- The product also fails to bear labeling with the common or usual name of the food; “You manufacture the meal for sale to an airline caterer, who subsequently resells the product to airlines. However, the meals fail to bear labeling with a statement of identity.” and
- The product also fails to bear labeling that lists all the common or usual names of each ingredient used, and the net quantity of contents.
As recently reported by Food Safety News, an importer in Jupiter, FL is on notice from the FDA for failing to take required steps to assure that they are in compliance with Foreign Supplier Verification Program (FSVP) of the Federal Food, Drug and Cosmetic Act (FD&C Act) for the tahini products the firm brings into the U.S.
“The FSVP regulation requires that importers perform certain risk-based activities to verify that human and/or animal food they import into the United States has been produced in a manner that meets applicable U.S. food safety standards.”
Staff from the Food and Drug Administration inspected the Jupiter, FL location of Brodt Zenatti Holdings LLC on May 17, and discovered the “significant violation,” according to an July 30 warning letter made public in recent days by the FDA.
“During our inspection, we found that you are not in compliance with the requirements of 21 CFR Part 1 subpart L for your tahini imported from Karawan Tahini and Halva, located in the West Bank (i.e., Karawan),” and, “Because of these significant violations, you are not in compliance with section 805 of the FD&C Act,” according to the letter sent to Owner Avi Snati by Ruth P. Dixon, Program Division Director of the Division of Southeast Imports.
According to the warning letter, the inspection was initiated as part of a Salmonella Concord multi-state outbreak investigation; “During the investigation, epidemiologic and traceback analyses of records and information supplied by firms along the distribution chain identified Karawan brand tahini as the likely source of the outbreak.” The FDA said Salmonella Concord was also isolated from a sample of Karawan brand tahini analyzed by New York City Department of Health during the course of the investigation. Karawan brand tahini is imported by Brodt Zenatti Holdings LLC.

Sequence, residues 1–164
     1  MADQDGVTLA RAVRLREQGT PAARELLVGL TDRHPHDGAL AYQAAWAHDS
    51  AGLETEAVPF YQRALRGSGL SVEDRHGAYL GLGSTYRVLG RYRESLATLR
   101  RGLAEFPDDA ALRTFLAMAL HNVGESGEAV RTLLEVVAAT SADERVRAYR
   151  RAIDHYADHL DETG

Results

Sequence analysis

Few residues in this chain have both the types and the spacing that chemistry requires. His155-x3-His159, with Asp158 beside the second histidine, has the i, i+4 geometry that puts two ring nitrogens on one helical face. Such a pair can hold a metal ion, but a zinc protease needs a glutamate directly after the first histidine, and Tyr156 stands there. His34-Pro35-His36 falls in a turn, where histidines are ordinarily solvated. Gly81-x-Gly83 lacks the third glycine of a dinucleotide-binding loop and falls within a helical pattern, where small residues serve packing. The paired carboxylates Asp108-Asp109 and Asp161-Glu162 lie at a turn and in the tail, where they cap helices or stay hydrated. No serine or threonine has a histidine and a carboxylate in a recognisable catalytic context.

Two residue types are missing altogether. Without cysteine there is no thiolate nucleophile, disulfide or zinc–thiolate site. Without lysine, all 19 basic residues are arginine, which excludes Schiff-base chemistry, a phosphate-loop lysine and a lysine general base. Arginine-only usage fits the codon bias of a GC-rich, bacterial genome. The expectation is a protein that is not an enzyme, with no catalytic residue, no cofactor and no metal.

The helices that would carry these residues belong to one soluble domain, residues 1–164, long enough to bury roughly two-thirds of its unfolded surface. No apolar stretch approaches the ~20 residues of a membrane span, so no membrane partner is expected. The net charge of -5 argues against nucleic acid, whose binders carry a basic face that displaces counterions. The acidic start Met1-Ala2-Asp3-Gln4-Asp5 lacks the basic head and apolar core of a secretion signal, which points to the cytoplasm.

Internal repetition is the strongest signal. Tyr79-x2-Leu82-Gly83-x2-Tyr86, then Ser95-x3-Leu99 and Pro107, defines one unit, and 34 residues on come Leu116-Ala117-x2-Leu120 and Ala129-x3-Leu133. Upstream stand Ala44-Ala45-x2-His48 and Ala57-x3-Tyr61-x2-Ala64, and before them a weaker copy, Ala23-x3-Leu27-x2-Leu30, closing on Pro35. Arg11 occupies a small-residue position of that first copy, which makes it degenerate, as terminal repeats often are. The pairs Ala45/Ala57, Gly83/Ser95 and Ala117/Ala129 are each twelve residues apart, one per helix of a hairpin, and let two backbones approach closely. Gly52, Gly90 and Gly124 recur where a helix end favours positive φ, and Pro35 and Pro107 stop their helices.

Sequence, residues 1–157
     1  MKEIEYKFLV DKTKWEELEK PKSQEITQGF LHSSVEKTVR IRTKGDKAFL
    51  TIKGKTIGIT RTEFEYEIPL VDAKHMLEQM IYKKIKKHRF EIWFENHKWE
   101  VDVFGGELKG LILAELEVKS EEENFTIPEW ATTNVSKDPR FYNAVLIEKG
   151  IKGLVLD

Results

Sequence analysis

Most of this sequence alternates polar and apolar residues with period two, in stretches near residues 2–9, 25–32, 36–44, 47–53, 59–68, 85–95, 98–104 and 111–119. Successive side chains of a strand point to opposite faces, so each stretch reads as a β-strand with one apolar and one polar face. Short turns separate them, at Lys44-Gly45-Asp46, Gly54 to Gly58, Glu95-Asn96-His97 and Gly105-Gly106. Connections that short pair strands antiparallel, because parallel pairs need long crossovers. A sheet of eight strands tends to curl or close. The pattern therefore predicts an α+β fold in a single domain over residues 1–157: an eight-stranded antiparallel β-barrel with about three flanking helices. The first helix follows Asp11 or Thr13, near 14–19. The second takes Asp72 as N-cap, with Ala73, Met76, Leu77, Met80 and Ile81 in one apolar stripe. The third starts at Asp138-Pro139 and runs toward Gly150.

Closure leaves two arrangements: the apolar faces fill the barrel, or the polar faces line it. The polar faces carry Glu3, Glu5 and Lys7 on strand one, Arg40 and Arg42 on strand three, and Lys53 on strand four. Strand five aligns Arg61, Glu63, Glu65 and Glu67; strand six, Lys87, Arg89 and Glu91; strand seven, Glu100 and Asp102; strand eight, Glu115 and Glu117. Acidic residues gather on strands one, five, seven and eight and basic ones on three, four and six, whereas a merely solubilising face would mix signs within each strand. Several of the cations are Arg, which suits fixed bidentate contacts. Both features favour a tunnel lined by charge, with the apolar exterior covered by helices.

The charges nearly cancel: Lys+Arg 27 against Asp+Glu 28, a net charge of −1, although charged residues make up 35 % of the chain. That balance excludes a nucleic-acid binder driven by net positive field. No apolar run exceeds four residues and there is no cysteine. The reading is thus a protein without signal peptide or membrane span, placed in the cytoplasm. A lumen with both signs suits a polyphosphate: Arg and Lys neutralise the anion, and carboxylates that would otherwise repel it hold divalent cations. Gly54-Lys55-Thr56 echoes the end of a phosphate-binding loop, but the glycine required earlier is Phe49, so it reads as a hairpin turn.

At the conclusion of the FSVP inspection, FDA investigators provided the firm with Form FDA 483a, FSVP observations; “We acknowledge you have conducted a voluntary recall of Karawan brand and SoCo brand of tahini, and you verbally committed to cease importing the product.” However, to date, the FDA has not received the firm’s response to the Form FDA 483a for their FSVP violations, and their voluntary recall does not address the FSVP violations.
The FDA noted the following significant deviation:
• You did not develop an FSVP as required by section 805 of the FD&C Act and 21 CFR part 1 subpart L. Specifically, your firm did not develop an FSVP for sesame paste tahini manufactured by Karawan Tahini and Halva in the West Bank.
“We may take further action if you do not promptly correct these violations. For instance, we may take further action to refuse admission of your imported fish or fishery products, … including placing them on detention without physical examination, seize your product(s) and/or enjoin your firm from further violating the Act.”